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An ancient Jewish community fights to survive

by Brad A. Greenberg

April 27, 2009 | 4:54 pm

Photo: YNet

Yemen certainly isn’t Iran—just ask Karmel. But its Jewish community, one of the world’s oldest, also is feeling the pressure of subsisting in a Muslim society.

“They face,” the AP reported yesterday in a lengthy portrait of the 250 to 400 remaining Jews of Yemen, “a Yemeni government that is ambivalent—publicly supportive but also lax in keeping its promises—in an Arab world where Islamic extremism and hostility to minorities are generally on the rise.”

Here’s an excerpt:

“We complain to the police about the more serious incidents, but they never investigate,” [Yahya Yaish] Al-Qedeimi said. “Our fears have grown after Moshe’s killing. The lenient sentence against his killer will encourage others to do the same.”

By “Moshe” he means Moshe Yaish Youssef Nahari, who was gunned down on a December day near his home in Raydah. Compounding the Jews’ shock and dread, the self-confessed killer was spared the death penalty, though it’s usually mandatory in such cases.

Nahari, a father of nine in his early 30s, taught Hebrew to the children, and was also in charge of slaughtering sheep and poultry according to kosher laws.

He had Jewish and Muslim friends and occasionally invited them to his home to chew qat, the mildly narcotic leaf that is a Yemeni staple and symbol of social togetherness. He also was an active campaigner for Yemen’s president.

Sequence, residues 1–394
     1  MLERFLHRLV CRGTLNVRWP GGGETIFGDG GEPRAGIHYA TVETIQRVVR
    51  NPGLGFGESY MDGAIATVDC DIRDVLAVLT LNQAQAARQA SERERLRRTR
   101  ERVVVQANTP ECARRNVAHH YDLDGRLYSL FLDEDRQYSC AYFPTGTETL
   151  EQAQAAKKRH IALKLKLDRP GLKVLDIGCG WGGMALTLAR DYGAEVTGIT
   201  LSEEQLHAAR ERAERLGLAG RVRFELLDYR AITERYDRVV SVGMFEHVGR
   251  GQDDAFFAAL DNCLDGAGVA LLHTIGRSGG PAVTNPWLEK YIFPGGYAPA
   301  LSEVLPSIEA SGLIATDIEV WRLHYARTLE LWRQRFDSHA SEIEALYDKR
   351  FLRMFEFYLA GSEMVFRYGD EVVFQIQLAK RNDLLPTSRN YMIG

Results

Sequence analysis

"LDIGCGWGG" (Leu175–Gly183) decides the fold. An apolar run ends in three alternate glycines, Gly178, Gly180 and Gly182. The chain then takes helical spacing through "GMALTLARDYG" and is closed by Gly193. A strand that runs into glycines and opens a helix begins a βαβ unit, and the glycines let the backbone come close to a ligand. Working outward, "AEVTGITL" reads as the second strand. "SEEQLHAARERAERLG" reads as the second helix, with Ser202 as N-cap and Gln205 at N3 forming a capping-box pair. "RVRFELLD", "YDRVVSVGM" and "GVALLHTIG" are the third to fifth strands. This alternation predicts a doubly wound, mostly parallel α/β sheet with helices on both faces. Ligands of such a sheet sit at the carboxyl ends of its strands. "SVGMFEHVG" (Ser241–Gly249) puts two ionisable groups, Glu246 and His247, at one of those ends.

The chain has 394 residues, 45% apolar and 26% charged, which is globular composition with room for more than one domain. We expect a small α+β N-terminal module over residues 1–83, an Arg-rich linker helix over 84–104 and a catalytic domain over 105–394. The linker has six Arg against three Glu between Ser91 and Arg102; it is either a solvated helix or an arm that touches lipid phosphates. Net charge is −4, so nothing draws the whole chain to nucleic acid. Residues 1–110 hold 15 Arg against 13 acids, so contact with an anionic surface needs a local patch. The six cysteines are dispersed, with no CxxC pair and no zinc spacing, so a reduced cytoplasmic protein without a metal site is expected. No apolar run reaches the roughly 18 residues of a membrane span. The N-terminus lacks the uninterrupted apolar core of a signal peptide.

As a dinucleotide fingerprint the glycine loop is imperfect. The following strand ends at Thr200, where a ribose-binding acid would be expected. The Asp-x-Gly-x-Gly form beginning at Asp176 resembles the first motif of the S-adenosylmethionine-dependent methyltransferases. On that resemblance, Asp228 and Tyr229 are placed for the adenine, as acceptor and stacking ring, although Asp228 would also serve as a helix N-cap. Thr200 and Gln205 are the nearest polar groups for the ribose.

The killer was Abdul-Aziz Yehia Hamoud al-Abdi, a former air force pilot. He was convicted of murder in the first degree, but the judge ruled him mentally unfit, sent him to a mental institution and ordered his clan to pay the victim’s family 5.5 million riyals ($27,500).

Nahari’s family has refused to accept the money and is appealing the March 2 sentence.

It was al-Abdi’s second murder. The 38-year-old Muslim had killed his wife five years earlier but the case never reached a court because tribal leaders protected him, saying he suffered from depression.

According to witnesses cited by Khaled al-Anasi, the Nahari family’s Muslim lawyer, al-Abdi confronted Nahari shouting, “You, Jew, convert to Islam so your life is safe.” Nahari said something to the effect of “mind your own business” and al-Abdi pumped 11 bullets from a Kalashnikov assault rifle into the victim, killing him, the witness statements said.

Read the rest here.

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